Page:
Dear President Zuma,
In 1990, the attention of the world was on South Africa as we witnessed the release of Nelson Mandela. His release from prison inspired hope in a South Africa free from the tyranny of oppression and a society based on equality, freedom and the dignity of all human beings.
Much has been achieved by the democratically elected government. For South Africa to fully realise the dream of an equal and prosperous nation its children need to receive the best quality education possible. Education remains the best weapon against poverty, one that can bring about real change in the lives of the poorest members of society.
In the early 1950s both learners and their parents rejected the Bantu Education system intended by the apostle of apartheid Hendrik Verwoerd to limit them to become no more than hewers of wood and drawers of water. The youth of 1976 realised the value of education in improving their circumstances and thus took to the streets to demand a quality education.
The youth of today share the same passion and place the same value on receiving an excellent education.
The eyes of the world are once again on South Africa as it celebrates the fantastic achievement of hosting the first FIFA World Cup in Africa.
Equal Education is a new movement of young people, their parents, and teachers who are advocating for that most fundamental of rights which gives people the tools to better their lives. President Zuma, these young activists are a credit to South Africa and our struggle for democracy and equality for all.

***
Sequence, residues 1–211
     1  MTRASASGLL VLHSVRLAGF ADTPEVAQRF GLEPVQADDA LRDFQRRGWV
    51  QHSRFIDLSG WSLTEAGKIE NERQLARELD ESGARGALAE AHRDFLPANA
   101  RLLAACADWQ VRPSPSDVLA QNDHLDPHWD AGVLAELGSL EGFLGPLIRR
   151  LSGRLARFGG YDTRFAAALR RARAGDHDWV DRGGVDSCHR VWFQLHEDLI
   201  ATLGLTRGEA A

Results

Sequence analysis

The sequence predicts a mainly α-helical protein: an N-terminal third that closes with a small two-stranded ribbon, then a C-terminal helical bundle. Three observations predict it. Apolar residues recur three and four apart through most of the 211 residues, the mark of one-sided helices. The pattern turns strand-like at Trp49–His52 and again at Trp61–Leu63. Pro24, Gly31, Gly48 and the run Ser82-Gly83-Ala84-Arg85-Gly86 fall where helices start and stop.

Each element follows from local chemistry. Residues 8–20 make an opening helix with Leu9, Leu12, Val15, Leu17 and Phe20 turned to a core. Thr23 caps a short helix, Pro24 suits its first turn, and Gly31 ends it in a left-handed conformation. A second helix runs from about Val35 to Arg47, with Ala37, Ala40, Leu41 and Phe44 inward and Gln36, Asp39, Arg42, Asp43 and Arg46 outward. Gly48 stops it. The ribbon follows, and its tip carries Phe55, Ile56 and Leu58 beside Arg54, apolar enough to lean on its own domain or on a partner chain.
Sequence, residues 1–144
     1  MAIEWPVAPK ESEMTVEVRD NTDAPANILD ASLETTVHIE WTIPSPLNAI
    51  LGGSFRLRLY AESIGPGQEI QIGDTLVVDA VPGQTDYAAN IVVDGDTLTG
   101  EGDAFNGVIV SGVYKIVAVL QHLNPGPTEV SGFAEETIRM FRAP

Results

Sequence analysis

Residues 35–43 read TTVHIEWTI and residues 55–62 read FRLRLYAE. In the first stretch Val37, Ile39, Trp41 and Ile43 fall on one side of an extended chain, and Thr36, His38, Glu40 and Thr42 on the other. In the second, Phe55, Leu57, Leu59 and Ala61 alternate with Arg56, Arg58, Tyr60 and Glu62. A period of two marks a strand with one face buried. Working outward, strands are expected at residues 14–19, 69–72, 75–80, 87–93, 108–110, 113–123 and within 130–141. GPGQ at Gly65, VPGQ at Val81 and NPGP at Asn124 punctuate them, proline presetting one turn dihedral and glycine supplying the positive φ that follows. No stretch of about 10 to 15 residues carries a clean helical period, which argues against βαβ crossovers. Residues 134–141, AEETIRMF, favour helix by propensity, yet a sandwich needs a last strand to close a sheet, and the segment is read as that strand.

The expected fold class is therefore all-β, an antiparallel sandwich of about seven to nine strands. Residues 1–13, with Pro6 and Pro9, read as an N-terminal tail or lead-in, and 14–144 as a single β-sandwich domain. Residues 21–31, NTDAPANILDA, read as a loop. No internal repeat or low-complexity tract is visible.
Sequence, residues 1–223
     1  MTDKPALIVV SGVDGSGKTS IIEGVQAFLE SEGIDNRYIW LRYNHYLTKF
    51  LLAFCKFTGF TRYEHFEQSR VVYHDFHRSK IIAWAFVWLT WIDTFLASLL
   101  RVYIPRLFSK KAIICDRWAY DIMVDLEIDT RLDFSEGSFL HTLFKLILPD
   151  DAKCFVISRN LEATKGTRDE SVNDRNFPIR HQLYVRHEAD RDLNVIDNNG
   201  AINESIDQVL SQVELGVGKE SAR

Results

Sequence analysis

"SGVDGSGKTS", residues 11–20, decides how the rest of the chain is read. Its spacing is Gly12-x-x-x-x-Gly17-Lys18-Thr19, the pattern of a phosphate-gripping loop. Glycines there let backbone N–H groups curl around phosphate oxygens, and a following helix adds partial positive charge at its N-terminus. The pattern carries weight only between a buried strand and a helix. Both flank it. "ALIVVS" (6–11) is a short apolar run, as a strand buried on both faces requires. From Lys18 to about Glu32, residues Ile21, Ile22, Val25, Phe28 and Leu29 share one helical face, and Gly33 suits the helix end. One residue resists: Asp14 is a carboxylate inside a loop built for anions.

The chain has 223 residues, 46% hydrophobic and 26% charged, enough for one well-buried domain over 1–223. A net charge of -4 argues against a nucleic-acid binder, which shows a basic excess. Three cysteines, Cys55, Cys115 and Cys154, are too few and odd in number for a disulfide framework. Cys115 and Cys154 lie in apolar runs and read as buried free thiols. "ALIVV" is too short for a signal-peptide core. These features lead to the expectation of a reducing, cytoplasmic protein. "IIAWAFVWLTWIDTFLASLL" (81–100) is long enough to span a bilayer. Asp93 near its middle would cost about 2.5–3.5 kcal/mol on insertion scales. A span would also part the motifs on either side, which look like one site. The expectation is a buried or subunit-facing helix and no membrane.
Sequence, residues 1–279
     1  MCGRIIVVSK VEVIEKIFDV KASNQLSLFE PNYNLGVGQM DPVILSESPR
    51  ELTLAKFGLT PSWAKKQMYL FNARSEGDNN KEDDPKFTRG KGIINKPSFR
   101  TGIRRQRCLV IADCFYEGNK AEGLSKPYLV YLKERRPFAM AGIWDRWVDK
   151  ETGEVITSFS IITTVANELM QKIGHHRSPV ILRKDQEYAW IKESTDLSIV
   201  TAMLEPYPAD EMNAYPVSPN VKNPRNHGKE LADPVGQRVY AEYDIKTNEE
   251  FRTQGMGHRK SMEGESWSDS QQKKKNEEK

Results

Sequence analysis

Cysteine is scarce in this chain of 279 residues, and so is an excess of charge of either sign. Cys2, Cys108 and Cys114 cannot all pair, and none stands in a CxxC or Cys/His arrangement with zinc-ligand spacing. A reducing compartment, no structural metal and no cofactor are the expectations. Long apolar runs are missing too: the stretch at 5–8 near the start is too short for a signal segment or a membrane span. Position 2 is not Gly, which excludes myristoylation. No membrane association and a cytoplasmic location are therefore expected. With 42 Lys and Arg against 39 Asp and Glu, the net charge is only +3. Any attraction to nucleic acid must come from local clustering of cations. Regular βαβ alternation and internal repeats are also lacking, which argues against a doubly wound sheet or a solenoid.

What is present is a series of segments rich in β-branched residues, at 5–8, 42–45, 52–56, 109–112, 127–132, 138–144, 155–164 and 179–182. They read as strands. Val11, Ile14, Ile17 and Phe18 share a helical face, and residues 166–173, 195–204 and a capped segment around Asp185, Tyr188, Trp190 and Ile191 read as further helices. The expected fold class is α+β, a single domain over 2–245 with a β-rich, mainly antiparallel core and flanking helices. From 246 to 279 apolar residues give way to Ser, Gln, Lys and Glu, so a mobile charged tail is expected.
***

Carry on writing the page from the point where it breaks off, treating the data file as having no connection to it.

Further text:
Both local and international research indicates that one way of improving literacy and the overall academic performance of learners is for every public school to have a well stocked and adequately staffed library. At present only 8% of schools in South Africa have functioning libraries.
In his book, Long Walk to Freedom, Nelson Mandela wrote, “Education is the great engine of personal development. It is through education that the daughter of a peasant can become a doctor, that a son of a mine worker can become the head of that mine, that a child of farm workers can become the president of a great nation.”
Nobel Prize Laureate Nadine Gordimer has repeatedly said that she became a writer because there was a library in the small town she was born in, which she used during her early age.
I am adding my name to the call by Equal Education for quality and equality in education by supporting the ONE SCHOOL, ONE LIBRARY, ONE LIBRARIAN CAMPAIGN.
A further 100 national and international activists, authors and leaders in education, from 40 different countries, have added their signature to Bizos’ call:
Click here to view the letter with all endorsements